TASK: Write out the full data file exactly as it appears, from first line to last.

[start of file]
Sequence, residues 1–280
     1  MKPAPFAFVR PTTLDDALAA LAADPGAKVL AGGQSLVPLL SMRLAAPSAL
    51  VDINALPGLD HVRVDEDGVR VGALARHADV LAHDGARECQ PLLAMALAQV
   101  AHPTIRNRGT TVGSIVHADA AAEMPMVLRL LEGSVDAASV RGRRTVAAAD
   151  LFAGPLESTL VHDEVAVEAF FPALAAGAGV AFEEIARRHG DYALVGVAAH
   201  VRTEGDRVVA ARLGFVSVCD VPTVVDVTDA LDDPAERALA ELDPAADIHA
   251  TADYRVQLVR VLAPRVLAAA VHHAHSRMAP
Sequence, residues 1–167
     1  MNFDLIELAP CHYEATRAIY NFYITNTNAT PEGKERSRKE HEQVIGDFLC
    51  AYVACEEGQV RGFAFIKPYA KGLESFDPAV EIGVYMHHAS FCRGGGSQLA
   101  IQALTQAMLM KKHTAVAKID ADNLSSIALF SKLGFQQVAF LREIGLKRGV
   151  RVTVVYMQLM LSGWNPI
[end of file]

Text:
Sequence, residues 1–280
     1  MKPAPFAFVR PTTLDDALAA LAADPGAKVL AGGQSLVPLL SMRLAAPSAL
    51  VDINALPGLD HVRVDEDGVR VGALARHADV LAHDGARECQ PLLAMALAQV
   101  AHPTIRNRGT TVGSIVHADA AAEMPMVLRL LEGSVDAASV RGRRTVAAAD
   151  LFAGPLESTL VHDEVAVEAF FPALAAGAGV AFEEIARRHG DYALVGVAAH
   201  VRTEGDRVVA ARLGFVSVCD VPTVVDVTDA LDDPAERALA ELDPAADIHA
   251  TADYRVQLVR VLAPRVLAAA VHHAHSRMAP
Sequence, residues 1–167
     1  MNFDLIELAP CHYEATRAIY NFYITNTNAT PEGKERSRKE HEQVIGDFLC
    51  AYVACEEGQV RGFAFIKPYA KGLESFDPAV EIGVYMHHAS FCRGGGSQLA
   101  IQALTQAMLM KKHTAVAKID ADNLSSIALF SKLGFQQVAF LREIGLKRGV
   151  RVTVVYMQLM LSGWNPI